The whiskey company Dewar’s found itself at the center of a recent controversy, when its “Meet the Baron” commercial sparked a chorus of hell-no’s led by a writer who started a petition to silence the ad. In the spot, the Baron, a slightly sinister attempt at aping Dos Equis’ Most Interesting Man Alive, “rescues” his male friend from an overweight woman putting the moves on him. Once she’s out of the picture, they toast to “Swedish bikini models.”
Message received loud and clear: Nobody wants to meet a fat girl at a bar. Dewar’s all but wiped the spot off the Internet, tweeting, “We heard your responses to ‘Meet the Baron’ and have chosen to remove the video from YouTube.” How…valiant?
These type of insensitivities run much deeper than bad form. Weight-obsessed drinking rhetoric has enabled a culture of drunkorexia (yup, an actual term coined by an academic), which refers to the dangerous, calorie-conscious balancing-act between the consumption of food and alcohol. Why? Because even light booze isn’t a healthy choice per se: It contains little-to-no nutrients and actually depletes your body of vitamins A, B-12, and others.
You’ll Be Judged for Drinking, So Lay off the Stuff Men Drink
Not a Hot Chick™ of dubious morality? You’ll be girlier if you drink something softer.
Traditionally, sweeter flavors marketed to women—such as Little Black Dress vodka and (to put it in Slate’s words) “Cinnabon-flavored vodka as the category’s shark jump”—thrive in a safe, engendered place. There, women’s palates stay immature and benign, while guys get to sip on the hard stuff. The packaging often follows in kind: Some bottles make liberal use of pink and bright colors; others are sculpted in lady-baiting ways. Like, check out this Christian Louboutin stiletto that adorns a bottle of Piper-Heidsieck champagne. Feeling thirsty yet? (It’s only a matter of time before liquor ads aesthetically go the way of warm, fuzzy, escapist tampon commercials.)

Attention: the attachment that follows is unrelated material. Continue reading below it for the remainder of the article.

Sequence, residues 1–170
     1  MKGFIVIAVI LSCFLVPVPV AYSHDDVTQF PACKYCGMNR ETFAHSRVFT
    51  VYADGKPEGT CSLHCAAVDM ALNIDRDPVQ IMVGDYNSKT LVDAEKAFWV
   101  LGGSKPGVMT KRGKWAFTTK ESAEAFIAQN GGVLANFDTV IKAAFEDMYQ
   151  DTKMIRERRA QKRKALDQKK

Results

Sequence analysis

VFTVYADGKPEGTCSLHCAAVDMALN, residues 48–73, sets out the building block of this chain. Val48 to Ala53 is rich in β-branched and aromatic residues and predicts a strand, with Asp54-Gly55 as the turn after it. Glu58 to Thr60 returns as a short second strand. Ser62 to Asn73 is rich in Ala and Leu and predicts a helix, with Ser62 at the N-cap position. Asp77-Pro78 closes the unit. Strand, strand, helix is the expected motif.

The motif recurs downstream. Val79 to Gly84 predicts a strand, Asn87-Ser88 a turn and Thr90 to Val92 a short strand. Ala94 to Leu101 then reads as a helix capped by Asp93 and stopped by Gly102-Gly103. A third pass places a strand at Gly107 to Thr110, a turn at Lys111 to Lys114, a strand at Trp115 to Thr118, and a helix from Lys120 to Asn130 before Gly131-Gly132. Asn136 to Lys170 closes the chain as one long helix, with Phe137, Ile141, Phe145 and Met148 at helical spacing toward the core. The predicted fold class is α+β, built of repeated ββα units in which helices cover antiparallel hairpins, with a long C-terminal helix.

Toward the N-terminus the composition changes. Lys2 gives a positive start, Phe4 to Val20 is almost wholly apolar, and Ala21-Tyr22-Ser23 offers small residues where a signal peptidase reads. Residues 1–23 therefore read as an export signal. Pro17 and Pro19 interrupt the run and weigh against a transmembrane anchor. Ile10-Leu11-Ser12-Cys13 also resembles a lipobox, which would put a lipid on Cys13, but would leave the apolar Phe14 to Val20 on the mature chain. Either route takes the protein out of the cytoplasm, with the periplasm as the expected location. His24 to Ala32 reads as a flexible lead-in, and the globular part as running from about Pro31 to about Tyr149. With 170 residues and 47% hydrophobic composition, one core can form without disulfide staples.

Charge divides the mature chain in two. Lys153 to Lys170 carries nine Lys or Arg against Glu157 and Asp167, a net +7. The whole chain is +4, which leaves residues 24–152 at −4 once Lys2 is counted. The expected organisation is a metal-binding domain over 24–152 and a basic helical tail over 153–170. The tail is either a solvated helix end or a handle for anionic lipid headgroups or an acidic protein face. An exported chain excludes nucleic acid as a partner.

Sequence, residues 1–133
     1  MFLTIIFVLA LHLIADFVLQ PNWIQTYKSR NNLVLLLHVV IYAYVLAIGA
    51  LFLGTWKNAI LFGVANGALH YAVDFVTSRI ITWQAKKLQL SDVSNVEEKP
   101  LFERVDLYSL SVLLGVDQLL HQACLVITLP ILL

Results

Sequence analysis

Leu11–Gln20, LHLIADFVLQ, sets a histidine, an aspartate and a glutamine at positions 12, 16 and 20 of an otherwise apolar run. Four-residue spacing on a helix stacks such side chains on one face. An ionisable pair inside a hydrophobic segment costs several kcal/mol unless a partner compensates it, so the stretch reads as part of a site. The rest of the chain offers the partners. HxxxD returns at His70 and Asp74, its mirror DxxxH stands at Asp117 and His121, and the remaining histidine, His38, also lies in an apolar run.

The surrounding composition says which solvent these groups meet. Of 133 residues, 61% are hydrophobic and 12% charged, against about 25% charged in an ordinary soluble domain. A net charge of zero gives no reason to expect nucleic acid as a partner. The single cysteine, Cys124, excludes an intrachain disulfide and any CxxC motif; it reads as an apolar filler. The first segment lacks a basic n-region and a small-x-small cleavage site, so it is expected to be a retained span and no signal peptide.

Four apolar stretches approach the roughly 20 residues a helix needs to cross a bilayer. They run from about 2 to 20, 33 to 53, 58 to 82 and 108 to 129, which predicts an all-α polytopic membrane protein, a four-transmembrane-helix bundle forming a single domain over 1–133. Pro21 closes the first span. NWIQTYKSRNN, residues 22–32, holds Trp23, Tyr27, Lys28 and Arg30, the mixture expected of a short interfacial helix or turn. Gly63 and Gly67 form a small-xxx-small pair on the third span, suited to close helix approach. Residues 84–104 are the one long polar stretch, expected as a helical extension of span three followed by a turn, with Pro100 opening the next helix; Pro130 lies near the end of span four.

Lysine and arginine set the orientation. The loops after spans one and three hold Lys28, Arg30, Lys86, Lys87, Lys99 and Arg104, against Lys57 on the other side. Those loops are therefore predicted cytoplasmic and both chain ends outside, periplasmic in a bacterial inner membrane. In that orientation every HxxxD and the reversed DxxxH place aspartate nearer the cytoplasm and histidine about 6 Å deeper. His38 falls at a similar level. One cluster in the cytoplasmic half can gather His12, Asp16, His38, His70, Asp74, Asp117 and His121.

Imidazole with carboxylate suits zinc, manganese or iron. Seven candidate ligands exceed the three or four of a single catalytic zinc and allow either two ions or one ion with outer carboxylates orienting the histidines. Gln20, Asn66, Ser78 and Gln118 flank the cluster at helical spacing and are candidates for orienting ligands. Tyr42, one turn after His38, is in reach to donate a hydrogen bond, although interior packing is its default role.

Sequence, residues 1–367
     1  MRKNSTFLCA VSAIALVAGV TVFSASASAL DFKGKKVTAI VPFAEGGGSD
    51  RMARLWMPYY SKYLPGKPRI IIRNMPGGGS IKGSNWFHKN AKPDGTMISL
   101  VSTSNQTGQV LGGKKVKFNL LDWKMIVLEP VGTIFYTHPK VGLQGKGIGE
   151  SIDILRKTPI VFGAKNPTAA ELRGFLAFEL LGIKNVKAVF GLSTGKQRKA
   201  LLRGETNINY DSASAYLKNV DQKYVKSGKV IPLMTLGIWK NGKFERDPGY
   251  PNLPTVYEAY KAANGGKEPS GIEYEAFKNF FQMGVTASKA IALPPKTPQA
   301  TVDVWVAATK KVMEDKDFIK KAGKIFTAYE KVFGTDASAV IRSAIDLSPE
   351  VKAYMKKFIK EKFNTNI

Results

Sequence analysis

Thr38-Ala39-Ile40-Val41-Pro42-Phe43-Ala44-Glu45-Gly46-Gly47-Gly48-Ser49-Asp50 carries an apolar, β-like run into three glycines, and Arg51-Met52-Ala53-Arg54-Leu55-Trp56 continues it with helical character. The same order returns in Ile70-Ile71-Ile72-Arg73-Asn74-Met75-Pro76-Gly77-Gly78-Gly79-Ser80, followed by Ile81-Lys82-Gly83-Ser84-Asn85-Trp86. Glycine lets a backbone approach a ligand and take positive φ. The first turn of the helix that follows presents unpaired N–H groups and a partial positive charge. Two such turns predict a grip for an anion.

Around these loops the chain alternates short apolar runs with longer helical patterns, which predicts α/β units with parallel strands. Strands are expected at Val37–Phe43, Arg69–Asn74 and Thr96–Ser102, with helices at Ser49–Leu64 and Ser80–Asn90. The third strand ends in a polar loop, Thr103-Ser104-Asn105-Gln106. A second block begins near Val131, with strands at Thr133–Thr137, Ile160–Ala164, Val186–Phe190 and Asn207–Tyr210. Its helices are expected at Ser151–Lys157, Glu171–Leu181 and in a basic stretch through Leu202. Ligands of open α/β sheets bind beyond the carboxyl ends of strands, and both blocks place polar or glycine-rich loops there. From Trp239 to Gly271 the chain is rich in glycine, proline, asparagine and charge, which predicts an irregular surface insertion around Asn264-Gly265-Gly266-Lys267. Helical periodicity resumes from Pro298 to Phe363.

Take the advent of the much embattled/ridiculously named MommyJuice wines. Some claimed MommyJuice glamorized consumption, but we’d argue that it dangerously demystified it. Launching a booze brand that purports to take the sting off motherhood’s demands, in turn launched a thousand dialogues about recasting drinking as a domestic necessity—rather than an indulgence—and the surge in female alcoholism. Exhibit A: The unsettling development that respected 20/20 host Elizabeth Vargas had to enter rehab after her end-of-day wine got out of control. And what did her son refer to that nightcap as? “Mommy’s juice.”
We’re at a crossroads here. Historically, women have had a profound effect on social mores. Remember the extent to which politician Nucky Thompson kissed the butts of mothers driving the Temperance movement in Boardwalk Empire? It’s because these moms, perceived as holding the family together, packed power, driving cultural status quo. Today, we’re seeing the reverse effect of that. Liberal enlightenment among ladies has leveraged change everywhere from the crescendo in gay rights to pro-marijuana legislation.
The euphemisms associated with female alcohol consumption toe that line. While it’s obviously seen as okay for women to drink—there are rules, drilled into our heads over and over through ads, that advise us on how to navigate this man’s game. Mindful of perception, we willfully play into those parameters and judge those who veer off course. But if it’s our money they want, maybe it’s finally time, ladies, that we think for ourselves.